If you're not connected to the grid, you could also bring along a small generator to recharge your batteries or consider adding solar power. Larger vehicles like RVs are where this is most common.
A DC-to-DC charger can provide an optimal and reliable power source for your secondary battery, allowing it to charge more efficiently and quickly and resist being impacted by smart alternators or another vehicle wiring. This charger can also adjust its current flow based on the battery's depth of discharge, ensuring your battery is charged to its full capacity.
Some DC-to-DC chargers can be connected to solar panels so that you can receive further stationary charges. While more expensive than a battery isolator, a DC-to-DC charger can greatly improve your vehicle's configuration.
Types of Batteries Used For Secondary Batteries
The main point of a second battery is to store energy. What makes a battery different from others is how it holds power. These are the different types of batteries for a second battery in a dual battery setup.
1. Lead Acid Batteries
Lead-acid batteries are perfect for starting engines because they can handle large, brief bursts of power. Since they contain liquid acid, they pose some safety risks and should be kept upright and out of reach of children and pets.
Lead-acid batteries are relatively cheap and have a long lifespan when properly maintained. They also have a high power density, meaning they can provide power when needed.
2. AGM Batteries (Absorbent Glass Matt)
AGM (Absorbent Glass Mat) batteries are great as a second battery for your vehicle. They provide reliable power, last longer than traditional batteries, and don't require as much maintenance.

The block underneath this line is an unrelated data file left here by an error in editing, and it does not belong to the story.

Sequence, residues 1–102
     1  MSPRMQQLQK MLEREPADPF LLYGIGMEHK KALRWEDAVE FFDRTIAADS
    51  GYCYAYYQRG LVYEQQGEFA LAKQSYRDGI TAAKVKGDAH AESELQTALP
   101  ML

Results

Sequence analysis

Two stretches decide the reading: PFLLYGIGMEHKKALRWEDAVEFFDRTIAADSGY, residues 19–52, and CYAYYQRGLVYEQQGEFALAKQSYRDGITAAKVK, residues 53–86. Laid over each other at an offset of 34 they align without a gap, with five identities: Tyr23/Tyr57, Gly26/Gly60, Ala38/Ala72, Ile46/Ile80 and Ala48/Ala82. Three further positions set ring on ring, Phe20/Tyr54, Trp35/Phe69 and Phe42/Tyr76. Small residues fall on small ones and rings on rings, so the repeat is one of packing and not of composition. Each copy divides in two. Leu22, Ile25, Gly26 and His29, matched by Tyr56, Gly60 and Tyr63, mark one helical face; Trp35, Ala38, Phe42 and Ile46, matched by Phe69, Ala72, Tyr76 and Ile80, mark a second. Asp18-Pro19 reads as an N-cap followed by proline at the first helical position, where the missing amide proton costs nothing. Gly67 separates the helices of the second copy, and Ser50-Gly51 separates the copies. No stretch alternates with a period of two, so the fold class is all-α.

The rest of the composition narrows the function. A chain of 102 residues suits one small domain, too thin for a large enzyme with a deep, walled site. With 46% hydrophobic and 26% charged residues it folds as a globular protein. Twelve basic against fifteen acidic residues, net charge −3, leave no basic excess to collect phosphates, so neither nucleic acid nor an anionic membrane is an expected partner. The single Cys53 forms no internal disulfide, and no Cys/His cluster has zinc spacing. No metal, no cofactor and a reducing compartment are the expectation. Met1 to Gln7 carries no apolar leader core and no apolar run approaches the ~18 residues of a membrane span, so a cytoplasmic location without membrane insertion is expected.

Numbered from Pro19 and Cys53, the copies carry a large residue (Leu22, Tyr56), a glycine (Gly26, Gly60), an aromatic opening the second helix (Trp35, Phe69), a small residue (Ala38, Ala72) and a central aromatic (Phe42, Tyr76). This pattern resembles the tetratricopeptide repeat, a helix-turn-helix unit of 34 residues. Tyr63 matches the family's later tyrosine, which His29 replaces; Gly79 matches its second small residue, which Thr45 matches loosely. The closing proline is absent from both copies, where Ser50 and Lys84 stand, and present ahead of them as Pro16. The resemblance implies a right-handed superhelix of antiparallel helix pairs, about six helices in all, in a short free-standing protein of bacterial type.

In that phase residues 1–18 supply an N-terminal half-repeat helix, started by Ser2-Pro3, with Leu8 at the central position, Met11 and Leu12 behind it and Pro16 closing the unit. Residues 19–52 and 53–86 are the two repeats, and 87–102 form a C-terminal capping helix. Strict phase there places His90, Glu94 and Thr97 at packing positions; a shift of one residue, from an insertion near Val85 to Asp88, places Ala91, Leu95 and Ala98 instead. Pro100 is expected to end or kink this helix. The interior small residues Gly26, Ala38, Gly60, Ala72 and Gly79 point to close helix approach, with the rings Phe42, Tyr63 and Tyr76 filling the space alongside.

They also have a low internal resistance, making them ideal for high-drain applications such as powering winches or other accessories.
3. Gel Cell Batteries
Unlike lead-acid batteries, gel batteries have a gel electrolyte inside. This gel can withstand a greater depth of discharge without harming the battery. Like AGM batteries, the gel won't spill, so it is also safe.
One drawback of gel batteries is that they need a specific charging setup because they require a lower charging voltage than lead-acid and AGM batteries. However, when properly installed and charged, they are generally more durable and long-lasting than lead-acid and AGM batteries.
4. Lithium Iron Batteries
Lithium batteries are an excellent choice for a second battery. They are lightweight, have a long life span, and are highly efficient. They are also much less prone to self-discharge than other batteries, so you don't have to worry about them dying when not in use. Additionally, they are environmentally friendly since they are recyclable. However, they are costly. With that being said, we hope this article helps you get the most out of your next overlanding or dispersed camping trip with an efficient dual-battery setup.